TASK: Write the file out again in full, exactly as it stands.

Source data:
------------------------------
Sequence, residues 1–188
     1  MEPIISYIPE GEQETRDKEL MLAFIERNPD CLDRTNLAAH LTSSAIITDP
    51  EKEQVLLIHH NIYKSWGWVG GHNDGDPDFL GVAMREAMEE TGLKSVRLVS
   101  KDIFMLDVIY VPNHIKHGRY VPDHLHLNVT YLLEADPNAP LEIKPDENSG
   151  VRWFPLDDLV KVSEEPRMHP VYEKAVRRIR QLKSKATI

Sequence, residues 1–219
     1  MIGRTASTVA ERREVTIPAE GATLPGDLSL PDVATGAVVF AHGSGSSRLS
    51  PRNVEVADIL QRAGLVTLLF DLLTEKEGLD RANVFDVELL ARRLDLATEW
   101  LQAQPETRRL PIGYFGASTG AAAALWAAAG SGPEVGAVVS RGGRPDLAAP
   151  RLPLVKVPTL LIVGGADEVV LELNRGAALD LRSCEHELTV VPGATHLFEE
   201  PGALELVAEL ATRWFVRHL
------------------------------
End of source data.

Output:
Sequence, residues 1–188
     1  MEPIISYIPE GEQETRDKEL MLAFIERNPD CLDRTNLAAH LTSSAIITDP
    51  EKEQVLLIHH NIYKSWGWVG GHNDGDPDFL GVAMREAMEE TGLKSVRLVS
   101  KDIFMLDVIY VPNHIKHGRY VPDHLHLNVT YLLEADPNAP LEIKPDENSG
   151  VRWFPLDDLV KVSEEPRMHP VYEKAVRRIR QLKSKATI

Sequence, residues 1–219
     1  MIGRTASTVA ERREVTIPAE GATLPGDLSL PDVATGAVVF AHGSGSSRLS
    51  PRNVEVADIL QRAGLVTLLF DLLTEKEGLD RANVFDVELL ARRLDLATEW
   101  LQAQPETRRL PIGYFGASTG AAAALWAAAG SGPEVGAVVS RGGRPDLAAP
   151  RLPLVKVPTL LIVGGADEVV LELNRGAALD LRSCEHELTV VPGATHLFEE
   201  PGALELVAEL ATRWFVRHL